Despite what the past decade has tried to convince us of branding is not new. It is the same principles that mass media conglomerates used to use, that has now been repurposed for the age of social media. I guess what most companies weren’t anticipating was that gaming videos from a teenager in Jakarta could amass more YouTube views than official gaming company channels, or that a 25 year old girl from London could have more cultural currency than your favourite luxury brands.
Movies and music are no longer distributed by a select number of networks, independent zines are being made in bedrooms, poets are self-publishing, your mum can get hired off of TikTok for being funny, everyone can have their own podcast and the average person can skip the ads that marketing and advertising companies have paid for. Relevance is no longer being decided in New York skyscrapers by people who don’t remember the last time they had fun, but rather by people who have chosen to pursue their passions with limited income, by the ascension of subcultures, by early adopters…basically cultural innovators have called the bluff of ‘gatekeeping’ and bypassed them to build what matters to people that look, speak and live like them.
What Can Hip Hop Teach Us?
Whether it’s Run D.M.C ‘My Adidas’ or Busta Rhymes ‘Pass the Courvoisier’, the fact that more hip hop artists aren’t consulting on slogans and creative direction of some of the most elite brands is very tone deaf.
Many will point to James Brown as the beginning of the ad-lib in music, his screams are iconic but it wasn’t until the 80’s with Flavor Flav’s “Yeah boyeeee!”, that what we know as the ad-lib really took form. Lil Jon’s “YEEAHH!”, Pusha T’s “Yugh”, DJ Khaled’s “We The Best”, Birdman’s “Brrrrr”, the ad-lib is the signature that we recognise and gets us excited for what we are about to hear. The same goes for producers’ tag lines, the moment I hear “Jahlil Beats, holla at me” at the beginning of a track, I automatically remember Bobby Shmurda’s 2014 viral hit “Hot Ni**a” and partially lose my mind.
Marketing gurus will tell you that every brand has to understand their why, what are their values, their purpose, their beliefs because this creates authenticity, which in turn brings about strong and effective marketing. Marketing could learn from the principles of the greatest hip hop artists, on authenticity and creating community through speaking on what affects their audience’s everyday lives, delivering strong, emotionally driven content and adopting multimedia strategies.
So Where Do We Go From Here?
As much as we live in a visual world, and marketing is geared towards that, the next step is definitely going to be audio branding. Voice is becoming more popular and soon enough many brands will have to think about what their sonic strategy is going to take them.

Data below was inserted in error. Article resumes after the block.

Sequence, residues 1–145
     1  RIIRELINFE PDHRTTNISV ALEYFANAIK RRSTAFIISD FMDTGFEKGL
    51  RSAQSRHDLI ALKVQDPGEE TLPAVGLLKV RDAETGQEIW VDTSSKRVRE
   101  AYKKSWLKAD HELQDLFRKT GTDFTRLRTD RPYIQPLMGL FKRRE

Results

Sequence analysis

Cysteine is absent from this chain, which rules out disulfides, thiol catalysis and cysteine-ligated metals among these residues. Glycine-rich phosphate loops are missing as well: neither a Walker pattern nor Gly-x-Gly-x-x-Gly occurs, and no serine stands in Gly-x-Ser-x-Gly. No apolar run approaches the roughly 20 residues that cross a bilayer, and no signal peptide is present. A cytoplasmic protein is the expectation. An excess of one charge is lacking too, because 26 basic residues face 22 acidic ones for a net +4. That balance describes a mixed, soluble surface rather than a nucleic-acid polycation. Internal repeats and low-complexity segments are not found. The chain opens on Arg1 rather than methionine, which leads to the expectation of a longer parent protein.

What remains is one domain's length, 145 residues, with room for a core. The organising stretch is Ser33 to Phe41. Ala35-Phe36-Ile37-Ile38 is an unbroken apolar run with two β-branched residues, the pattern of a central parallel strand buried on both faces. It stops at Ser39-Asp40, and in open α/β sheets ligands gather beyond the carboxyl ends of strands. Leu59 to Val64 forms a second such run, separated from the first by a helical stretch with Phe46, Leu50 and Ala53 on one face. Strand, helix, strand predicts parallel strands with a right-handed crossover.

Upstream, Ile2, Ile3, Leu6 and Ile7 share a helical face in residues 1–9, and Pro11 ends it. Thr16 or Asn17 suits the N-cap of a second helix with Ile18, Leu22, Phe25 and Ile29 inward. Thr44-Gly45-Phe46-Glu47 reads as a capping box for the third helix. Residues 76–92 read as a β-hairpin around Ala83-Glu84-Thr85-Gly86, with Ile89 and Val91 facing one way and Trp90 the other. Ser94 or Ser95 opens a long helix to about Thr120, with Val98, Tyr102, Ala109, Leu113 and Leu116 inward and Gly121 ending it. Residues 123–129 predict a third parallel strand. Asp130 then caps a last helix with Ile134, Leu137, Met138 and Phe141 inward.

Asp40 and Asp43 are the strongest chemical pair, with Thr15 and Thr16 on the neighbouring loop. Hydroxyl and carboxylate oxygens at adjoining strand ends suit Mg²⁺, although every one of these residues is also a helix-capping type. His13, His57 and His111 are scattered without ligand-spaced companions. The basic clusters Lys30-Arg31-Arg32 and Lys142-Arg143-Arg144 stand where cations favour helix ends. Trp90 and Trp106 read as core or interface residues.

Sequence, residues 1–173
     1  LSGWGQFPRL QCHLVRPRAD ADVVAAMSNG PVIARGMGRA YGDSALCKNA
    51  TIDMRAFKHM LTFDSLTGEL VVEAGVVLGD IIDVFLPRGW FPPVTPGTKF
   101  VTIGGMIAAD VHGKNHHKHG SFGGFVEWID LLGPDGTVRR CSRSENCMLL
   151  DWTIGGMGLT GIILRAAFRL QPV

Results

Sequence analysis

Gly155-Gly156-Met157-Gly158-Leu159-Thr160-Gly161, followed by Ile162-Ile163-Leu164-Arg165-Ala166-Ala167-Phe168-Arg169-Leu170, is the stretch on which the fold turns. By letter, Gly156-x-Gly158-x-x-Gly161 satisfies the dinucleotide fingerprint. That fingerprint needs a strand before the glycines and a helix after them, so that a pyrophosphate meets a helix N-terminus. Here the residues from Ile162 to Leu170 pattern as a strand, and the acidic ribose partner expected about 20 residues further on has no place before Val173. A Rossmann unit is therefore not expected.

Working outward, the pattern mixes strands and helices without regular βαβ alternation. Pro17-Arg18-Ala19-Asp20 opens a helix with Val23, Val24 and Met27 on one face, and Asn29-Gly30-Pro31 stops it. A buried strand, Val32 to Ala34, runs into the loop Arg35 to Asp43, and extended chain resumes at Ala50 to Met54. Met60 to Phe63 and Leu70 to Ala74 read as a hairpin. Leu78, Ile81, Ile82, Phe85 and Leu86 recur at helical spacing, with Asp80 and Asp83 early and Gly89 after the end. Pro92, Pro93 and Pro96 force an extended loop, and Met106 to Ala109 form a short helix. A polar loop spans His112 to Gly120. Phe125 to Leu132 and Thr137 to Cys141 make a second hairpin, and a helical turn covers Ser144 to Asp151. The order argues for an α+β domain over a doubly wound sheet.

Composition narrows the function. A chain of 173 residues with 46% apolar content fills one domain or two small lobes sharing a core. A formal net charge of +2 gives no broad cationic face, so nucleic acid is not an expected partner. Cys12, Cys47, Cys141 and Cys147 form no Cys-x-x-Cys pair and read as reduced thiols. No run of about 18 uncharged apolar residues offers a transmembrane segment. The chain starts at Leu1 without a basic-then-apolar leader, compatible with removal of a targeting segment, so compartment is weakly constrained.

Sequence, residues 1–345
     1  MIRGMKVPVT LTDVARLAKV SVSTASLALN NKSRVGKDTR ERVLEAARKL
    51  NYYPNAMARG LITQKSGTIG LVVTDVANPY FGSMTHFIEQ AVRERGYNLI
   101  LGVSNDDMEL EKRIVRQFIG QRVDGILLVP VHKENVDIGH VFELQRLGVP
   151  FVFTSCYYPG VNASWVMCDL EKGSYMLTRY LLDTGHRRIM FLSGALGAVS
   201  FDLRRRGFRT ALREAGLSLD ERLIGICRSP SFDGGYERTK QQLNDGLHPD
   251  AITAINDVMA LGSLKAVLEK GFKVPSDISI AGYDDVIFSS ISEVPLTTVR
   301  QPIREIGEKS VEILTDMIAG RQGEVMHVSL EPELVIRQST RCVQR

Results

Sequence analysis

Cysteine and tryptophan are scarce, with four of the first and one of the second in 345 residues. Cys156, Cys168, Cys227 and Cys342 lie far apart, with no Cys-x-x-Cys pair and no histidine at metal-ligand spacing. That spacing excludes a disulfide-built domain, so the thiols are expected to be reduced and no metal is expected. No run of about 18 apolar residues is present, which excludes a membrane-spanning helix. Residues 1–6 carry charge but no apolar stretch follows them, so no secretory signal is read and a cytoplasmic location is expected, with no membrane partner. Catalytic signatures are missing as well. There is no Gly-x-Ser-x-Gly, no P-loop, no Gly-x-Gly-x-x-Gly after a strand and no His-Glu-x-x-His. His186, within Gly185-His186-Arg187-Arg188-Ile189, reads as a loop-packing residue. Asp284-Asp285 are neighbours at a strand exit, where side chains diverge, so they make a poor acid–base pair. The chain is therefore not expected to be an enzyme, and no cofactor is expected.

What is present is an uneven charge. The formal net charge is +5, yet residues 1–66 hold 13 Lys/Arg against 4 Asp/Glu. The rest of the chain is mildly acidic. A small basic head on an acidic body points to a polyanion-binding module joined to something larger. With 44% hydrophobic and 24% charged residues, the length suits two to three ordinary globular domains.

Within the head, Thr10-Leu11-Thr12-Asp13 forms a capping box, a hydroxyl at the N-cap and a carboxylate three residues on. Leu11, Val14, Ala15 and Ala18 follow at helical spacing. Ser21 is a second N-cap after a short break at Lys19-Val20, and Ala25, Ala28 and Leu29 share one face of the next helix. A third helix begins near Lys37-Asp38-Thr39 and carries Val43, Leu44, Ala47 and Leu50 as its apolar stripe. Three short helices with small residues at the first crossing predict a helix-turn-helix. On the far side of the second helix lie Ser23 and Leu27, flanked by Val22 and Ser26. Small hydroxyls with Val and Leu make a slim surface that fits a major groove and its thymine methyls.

This isn’t something completely alien, think about it… we have the McDonald’s I’m Lovin’ It jingle (which, fun fact was written by rapper Pusha T, produced by Pharrell and performed by Justin Timberlake) or the sound when you turn on your laptop or computer. We may have become so accustomed to visual marketing on our phones and general entertainment as we scroll, however sound is intimate, emotional, memorable and that is the exact same reason why we love music right? The voice of your favourite artist, the sound of your favourite producer or guitarist…what we hear has the potential to stay with us for a long time. It’s the same reason podcasts are becoming more popular, they are familiar, you feel part of the conversation and all you have to do is listen. Passive intake of information while you are able to do other things and maximise your time is a win.
Fast forward to when voice assistants and voice-enabled devices, such as the Google Home, Siri, Bixby, and Alexa, are in every single one of our homes what will this mean for brands? If companies and brands have not integrated or embedded sonic branding or voice functions in their products then they will get lost in the void. For example, one of the most well-known beauty brands, Estée Lauder, parented with Google Home to bring their new virtual beauty advisor Liv, which allows customers to share their skin concerns and discover products to test and try.
Today, every brand has a graphic, logo, ‘look’ that defines them and lays out the foundation of who they are, it’s how they want to be seen. However, what a brand ‘sounds’ like is crucial in terms of how connected consumers feel and how memorable they are in a world with infinite choice at a simple command. The one commodity that we will never get back is time, and therefore what voice or sound does is that it can capture attention quicker than a YouTube video, billboard, Instagram post etc. Moreover it can be personalised to truly foster relationships with customers that deeply resonate with them.
As we move towards wanting everything at our fingertips a lot faster, the opportunities for voice are endless. The smartest thing to do for marketers is to begin sonic branding and building voice-friendly brands. This will include having voice experiences on your websites, building branded apps specifically for voice enabled devices and voice assistants etc. Is your content voice-search optimised? Do you have a chatbot enabled to answer the queries from your customers?
The potential of voice technologies are also being leveraged in sectors such as health and therapy and as much as this is just the beginning I can’t wait to see what the future holds. Whichever route that you decide to take, just know that it doesn’t mean a complete 180 for your brand, you can easily fit voice into everyday user functions with the already available voice driven platforms and products, it just requires a little imagination and a whole lot of fun.
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